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How to get rid of cat pee smell on concrete

Unpleasant, ammonia-like smells wafting up from a concrete surface are a telltale sign that cat urine is present. Although you may have already cleaned the urine from the surface, some may have been absorbed into the concrete. Despite concrete's hard, durable surface, it's also a highly absorbent material and cat urine left unattended is slowly absorbed. By drawing the urine stain out of the concrete, you can effectively get rid of the accompanying smell.

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  1. Hose down the concrete surface enough to wet it.

  2. Combine 12 per cent hydrogen peroxide and talcum powder in a bowl to make a thick, spreadable paste. Apply the paste to the concrete, at the site of the cat urine smell. Use enough paste to completely cover the smelly area to a thickness of 1/2 inch to 1 inch.

  3. Allow the talcum powder paste to dry on the surface of the concrete. As it dries, the poultice paste will draw out cat urine that's been absorbed into the concrete. Scrape the dry paste off the surface to remove it. Dampen a scrub brush with water and scrub the concrete to remove any remaining dried paste. Blot the surface with an old towel to remove excess water.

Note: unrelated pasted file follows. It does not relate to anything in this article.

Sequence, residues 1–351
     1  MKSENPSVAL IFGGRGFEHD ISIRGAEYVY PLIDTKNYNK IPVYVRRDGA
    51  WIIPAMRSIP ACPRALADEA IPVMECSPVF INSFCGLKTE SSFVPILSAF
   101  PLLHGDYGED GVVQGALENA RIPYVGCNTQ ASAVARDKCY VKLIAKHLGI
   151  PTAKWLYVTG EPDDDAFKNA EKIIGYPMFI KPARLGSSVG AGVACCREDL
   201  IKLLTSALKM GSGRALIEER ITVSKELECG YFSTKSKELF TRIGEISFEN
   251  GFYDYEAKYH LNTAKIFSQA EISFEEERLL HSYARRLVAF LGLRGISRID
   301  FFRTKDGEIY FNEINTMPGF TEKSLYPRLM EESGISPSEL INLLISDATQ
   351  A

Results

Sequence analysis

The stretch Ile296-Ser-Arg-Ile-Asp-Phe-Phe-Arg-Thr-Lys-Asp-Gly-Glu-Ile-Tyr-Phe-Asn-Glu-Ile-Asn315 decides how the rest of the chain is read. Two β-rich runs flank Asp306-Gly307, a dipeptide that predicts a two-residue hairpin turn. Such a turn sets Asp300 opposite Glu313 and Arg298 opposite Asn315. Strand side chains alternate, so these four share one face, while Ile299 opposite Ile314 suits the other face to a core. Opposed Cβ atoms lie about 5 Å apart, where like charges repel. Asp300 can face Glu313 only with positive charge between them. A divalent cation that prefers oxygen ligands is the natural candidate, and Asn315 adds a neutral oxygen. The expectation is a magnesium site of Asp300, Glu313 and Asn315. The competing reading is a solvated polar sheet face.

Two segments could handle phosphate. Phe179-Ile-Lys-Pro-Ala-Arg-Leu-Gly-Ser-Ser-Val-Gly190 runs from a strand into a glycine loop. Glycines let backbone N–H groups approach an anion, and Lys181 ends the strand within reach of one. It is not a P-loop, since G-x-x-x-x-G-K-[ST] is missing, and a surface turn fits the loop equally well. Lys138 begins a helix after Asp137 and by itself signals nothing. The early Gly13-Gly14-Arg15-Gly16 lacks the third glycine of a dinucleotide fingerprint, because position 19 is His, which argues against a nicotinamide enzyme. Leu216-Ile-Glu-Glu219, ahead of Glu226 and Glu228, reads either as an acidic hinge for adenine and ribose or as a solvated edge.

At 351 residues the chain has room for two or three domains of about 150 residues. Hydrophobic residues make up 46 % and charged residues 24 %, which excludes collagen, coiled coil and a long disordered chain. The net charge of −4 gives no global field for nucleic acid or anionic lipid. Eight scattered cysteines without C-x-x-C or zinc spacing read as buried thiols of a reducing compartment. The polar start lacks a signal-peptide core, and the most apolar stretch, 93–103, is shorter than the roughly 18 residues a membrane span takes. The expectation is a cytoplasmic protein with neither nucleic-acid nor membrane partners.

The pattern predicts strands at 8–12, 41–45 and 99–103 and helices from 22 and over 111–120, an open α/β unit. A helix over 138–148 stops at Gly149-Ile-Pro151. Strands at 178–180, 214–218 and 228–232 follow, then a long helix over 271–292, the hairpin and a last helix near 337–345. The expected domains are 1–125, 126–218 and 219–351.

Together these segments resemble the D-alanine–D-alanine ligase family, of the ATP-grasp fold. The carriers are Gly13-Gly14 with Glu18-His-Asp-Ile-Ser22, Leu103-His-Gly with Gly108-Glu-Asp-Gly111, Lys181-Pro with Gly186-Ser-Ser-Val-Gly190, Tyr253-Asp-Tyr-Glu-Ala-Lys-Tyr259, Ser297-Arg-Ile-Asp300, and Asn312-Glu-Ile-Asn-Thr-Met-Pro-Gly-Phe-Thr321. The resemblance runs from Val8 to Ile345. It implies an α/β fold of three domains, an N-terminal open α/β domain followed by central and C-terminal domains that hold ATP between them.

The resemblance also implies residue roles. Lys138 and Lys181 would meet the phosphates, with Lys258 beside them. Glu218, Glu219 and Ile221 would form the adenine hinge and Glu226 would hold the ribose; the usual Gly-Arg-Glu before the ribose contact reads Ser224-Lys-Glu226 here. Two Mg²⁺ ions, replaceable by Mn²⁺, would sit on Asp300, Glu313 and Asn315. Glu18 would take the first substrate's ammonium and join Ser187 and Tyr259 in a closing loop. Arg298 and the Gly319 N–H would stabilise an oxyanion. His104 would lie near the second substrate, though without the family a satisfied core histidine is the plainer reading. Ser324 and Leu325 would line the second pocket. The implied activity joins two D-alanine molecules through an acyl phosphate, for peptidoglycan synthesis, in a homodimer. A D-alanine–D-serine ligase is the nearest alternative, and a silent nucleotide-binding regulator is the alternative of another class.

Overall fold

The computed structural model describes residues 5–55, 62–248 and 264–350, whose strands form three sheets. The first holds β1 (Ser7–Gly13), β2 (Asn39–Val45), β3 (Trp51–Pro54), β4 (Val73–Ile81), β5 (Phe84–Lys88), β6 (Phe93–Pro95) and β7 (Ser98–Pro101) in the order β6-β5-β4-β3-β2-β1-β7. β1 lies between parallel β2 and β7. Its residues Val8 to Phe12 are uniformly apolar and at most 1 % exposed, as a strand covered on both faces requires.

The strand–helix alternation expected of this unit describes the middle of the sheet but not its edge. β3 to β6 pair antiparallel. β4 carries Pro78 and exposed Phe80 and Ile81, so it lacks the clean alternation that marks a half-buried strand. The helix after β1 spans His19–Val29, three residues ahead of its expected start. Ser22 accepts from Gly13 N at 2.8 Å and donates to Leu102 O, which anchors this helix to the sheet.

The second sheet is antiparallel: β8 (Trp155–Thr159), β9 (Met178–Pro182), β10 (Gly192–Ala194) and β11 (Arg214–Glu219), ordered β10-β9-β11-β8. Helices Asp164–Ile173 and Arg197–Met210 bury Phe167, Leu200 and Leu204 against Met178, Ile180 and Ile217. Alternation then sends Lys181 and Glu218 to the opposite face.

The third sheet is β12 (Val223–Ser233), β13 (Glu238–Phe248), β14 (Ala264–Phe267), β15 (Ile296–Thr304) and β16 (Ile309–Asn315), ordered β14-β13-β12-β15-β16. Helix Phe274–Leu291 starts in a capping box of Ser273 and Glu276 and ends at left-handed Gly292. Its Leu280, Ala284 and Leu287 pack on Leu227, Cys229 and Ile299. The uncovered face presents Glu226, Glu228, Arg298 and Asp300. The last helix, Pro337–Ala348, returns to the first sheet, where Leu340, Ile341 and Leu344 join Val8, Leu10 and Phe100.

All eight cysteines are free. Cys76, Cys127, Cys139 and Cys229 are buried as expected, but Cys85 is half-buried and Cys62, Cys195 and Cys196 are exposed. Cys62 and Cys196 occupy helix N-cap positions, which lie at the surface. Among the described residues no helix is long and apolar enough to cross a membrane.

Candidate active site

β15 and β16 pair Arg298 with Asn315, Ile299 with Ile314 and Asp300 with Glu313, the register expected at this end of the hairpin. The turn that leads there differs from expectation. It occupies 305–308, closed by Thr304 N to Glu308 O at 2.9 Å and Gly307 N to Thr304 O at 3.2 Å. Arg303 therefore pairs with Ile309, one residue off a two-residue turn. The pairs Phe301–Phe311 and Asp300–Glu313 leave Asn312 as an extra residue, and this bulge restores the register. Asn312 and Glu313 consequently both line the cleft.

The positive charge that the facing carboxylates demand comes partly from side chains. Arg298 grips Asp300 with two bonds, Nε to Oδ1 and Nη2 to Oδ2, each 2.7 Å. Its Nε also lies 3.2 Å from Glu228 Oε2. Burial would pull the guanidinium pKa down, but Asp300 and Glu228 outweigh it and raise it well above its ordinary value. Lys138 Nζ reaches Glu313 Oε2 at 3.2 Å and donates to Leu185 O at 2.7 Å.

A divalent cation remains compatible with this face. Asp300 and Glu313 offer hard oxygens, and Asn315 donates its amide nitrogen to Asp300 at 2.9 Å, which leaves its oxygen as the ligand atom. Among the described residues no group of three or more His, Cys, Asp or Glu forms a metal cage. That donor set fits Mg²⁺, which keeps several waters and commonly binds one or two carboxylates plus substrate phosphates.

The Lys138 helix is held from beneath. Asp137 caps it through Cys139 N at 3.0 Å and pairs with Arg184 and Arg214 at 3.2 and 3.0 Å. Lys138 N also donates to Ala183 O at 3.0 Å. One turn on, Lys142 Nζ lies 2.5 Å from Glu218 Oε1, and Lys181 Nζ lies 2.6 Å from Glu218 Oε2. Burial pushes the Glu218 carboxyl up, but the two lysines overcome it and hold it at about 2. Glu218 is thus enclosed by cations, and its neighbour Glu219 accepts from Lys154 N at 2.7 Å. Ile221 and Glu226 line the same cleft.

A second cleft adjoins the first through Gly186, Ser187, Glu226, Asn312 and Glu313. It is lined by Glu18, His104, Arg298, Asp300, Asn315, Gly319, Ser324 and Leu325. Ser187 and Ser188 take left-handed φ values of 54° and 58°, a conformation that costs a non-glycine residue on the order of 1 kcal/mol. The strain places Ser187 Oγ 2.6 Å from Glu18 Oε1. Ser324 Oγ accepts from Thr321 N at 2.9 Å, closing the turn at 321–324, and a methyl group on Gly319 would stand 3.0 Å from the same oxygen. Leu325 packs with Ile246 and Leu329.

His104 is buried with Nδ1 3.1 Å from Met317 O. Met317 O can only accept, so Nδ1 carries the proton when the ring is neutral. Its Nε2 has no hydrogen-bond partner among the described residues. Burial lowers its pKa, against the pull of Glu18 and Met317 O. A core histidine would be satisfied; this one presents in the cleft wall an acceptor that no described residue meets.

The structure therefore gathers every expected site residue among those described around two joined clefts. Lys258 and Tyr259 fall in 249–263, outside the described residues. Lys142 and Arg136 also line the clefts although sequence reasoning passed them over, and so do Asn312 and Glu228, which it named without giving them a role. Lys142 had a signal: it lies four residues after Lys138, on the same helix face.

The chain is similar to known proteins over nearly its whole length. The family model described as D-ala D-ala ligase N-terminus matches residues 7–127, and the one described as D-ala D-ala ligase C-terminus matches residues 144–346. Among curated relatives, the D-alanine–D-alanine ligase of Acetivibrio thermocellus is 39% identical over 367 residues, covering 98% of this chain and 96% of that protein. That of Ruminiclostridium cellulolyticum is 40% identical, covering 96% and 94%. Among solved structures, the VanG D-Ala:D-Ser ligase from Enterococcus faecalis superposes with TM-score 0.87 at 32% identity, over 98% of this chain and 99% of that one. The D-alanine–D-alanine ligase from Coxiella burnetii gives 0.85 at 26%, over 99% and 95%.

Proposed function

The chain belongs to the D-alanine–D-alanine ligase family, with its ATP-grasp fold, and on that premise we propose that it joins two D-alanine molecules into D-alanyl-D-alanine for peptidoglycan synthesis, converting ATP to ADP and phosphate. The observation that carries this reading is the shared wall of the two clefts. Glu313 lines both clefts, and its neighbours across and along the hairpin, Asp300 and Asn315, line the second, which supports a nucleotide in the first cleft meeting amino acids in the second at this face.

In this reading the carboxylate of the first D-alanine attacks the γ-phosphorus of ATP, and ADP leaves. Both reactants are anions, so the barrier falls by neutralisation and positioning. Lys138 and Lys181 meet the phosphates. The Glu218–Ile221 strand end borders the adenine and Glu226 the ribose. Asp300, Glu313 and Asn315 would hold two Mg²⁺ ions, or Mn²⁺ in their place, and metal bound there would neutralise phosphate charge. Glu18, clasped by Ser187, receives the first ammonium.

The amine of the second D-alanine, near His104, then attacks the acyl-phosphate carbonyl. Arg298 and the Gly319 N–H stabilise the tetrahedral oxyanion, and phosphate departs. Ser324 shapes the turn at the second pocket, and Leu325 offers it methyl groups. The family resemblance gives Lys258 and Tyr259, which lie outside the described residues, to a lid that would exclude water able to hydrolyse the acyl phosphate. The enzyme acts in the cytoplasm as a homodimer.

4. Treat remaining cat urine smell by pouring pet odour neutralising crystals over the damp concrete surface. Cover the smelly area with a generous amount of the neutraliser, then allow it to sit overnight. The enzymes in the neutraliser break down proteins in the urine to get rid of odour-causing bacteria.

  5. Sweep the pet odour neutraliser into a dust pan and discard in the trash.

  6. Tip

    Blot up a fresh cat urine stain as soon as possible and follow by washing the concrete with detergent and water. If you're unable to tend to a fresh urine stain right away cover it with an absorbent, such as sawdust, cat litter or baking soda. Sweep up the absorbent later, then clean the concrete with detergent.


    Leaving urine stains unattended sends a message to the pet that it's acceptable to urinate in that area.

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Things You'll Need

  • Garden hose
  • Bowl
  • 12 per cent hydrogen peroxide
  • Talcum powder
  • Wooden spoon
  • Scraper
  • Scrub brush
  • Old towels
  • Pet odour neutraliser
  • Broom
  • Dust pan

About the Author

Mary Ylisela is a former teacher with a Bachelor of Arts in elementary education and mathematics. She has been a writer since 1996, specializing in business, fitness and education. Prior to teaching, Ylisela worked as a certified fitness instructor and a small-business owner.

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